• Using the Display dropdown box at the top, you can change to various other formats, FASTA included. The nearby dropdown box allows you to show the data as text only or to save it to a file.

  • Go back to the GenBank format and find the field titled 'ACCESSION'. Copy this accession number for GFP because we'll use it soon.

Let's check out another site where we can get sequence information: the EMBL database in Europe.

  • Go to EMBL and using the accession number you got from NCBI, search for the GFP sequence. Expand the "Nucleotide Sequences" section, and chose the EMBL-Bank option. Finally, click on the accession number.

You'll probably notice that the entry you get back has pretty much the same information as the site from NCBI. That's because NCBI and EMBL (as well as the DNA Databank of Japan) work as a team to collect sequence data, and then share them with each other daily.

What about protein sequences? Of course, one way to get the protein sequence is to just translate the DNA sequence you got above using a codon table (which has been done for you in the EMBL site). But another way is to utilize some of the protein sequence databases that are out there. (It's not just out of pure laziness that we want to do this either, since the protein sequence databases give you lots of other data as well). As you might expect, NCBI also has a protein sequence DB.

  • You should get another list of results but if you look carefully, they're different from the DNA sequence results. Click on one of them and check out what kind of information is available in a protein sequence.

Reading through the entry is sometimes very helpful. For example, can you see the difference between this protein sequence for GFP and this one? (Hint: Look at the comment line]

Another popular protein sequence database is UniProt, which is actually a central repository that merges the data in three previously separate databases: Swiss-Prot, TrEMBL, and PIR.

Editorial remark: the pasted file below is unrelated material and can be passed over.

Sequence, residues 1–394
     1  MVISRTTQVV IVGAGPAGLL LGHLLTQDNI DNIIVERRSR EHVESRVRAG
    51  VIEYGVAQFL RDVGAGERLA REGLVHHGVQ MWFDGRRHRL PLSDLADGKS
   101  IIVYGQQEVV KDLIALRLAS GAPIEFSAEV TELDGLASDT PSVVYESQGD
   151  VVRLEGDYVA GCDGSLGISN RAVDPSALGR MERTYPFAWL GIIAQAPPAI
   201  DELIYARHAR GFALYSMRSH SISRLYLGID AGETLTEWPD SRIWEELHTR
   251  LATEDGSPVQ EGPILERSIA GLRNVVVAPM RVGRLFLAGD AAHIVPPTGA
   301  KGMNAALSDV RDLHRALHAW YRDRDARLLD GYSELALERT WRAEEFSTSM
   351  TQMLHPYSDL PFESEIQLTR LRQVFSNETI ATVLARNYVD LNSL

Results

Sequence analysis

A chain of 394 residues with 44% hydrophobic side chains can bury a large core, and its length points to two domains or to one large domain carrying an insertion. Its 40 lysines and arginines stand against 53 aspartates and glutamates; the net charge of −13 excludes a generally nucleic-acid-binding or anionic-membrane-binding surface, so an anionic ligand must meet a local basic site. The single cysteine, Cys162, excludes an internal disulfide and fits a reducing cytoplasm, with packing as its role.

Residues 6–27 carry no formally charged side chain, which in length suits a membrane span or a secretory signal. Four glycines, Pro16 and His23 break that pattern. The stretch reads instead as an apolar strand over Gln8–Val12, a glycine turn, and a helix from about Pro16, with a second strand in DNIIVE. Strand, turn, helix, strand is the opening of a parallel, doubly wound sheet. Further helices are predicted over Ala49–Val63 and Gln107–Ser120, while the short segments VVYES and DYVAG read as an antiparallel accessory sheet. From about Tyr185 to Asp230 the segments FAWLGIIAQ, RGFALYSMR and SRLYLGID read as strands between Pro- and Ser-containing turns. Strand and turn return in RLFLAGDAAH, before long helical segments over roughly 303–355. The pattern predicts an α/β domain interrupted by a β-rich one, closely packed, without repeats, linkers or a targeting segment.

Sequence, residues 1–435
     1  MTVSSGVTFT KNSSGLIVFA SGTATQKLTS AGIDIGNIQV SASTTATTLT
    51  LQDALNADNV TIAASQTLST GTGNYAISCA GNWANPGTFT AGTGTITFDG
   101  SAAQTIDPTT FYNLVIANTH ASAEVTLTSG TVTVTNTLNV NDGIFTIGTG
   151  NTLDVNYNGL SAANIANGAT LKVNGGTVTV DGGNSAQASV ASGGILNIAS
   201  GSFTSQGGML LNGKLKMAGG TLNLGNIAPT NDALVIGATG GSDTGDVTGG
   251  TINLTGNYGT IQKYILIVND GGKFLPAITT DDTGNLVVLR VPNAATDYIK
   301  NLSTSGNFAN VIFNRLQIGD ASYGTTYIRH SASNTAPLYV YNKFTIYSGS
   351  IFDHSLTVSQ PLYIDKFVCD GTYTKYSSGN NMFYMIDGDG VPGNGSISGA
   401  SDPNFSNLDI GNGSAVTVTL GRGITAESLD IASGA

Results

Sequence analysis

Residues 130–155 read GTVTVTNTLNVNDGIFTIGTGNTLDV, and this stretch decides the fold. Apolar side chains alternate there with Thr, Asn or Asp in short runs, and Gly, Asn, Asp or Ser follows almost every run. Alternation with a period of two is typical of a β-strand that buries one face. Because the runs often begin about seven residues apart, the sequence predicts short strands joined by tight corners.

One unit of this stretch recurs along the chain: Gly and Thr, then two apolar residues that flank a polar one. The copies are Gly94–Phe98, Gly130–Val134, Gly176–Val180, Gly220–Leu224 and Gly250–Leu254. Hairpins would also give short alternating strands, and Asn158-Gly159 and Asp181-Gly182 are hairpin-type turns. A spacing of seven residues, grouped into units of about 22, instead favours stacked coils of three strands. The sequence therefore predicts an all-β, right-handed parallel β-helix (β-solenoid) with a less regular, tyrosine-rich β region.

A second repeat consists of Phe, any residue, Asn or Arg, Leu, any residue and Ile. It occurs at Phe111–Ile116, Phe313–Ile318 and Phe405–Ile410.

With sequence in hand, we will be able to do a lot of things like looking for homologs, aligning sequences, etc. But of course, the sequence of a protein is not its whole story.

3. Finding structures

Protein structures are usually solved by labs using methods like X-ray crystallography and nuclear magnetic resonance (NMR) and then submitted to public databases. One such database is PDB. PDB gives you a lot of information about what a protein looks like when it's folded, and if you have the right software installed (e.g. Rasmol), you can even virtually explore the structure of a protein in 3D.

  • Go to PDB and search for GFP. You can either type in "GFP" as the search phrase, which will give you another long list of results to look through, or just use GFP's PDB ID: 1EMA.

The summary page gives you some information about the protein in general and the method by which the structure was solved. Most often, we're interested in seeing the structure

  • On the right hand side of the Structure Summary page, you should see a picture of the structure. Click on one of the Display Options, for example Jmol or SimpleViewer. These applets allow you to rotate the structure by using your mouse (hold the left button down as you move the mouse). Note that browser plugins are required for the some viewers.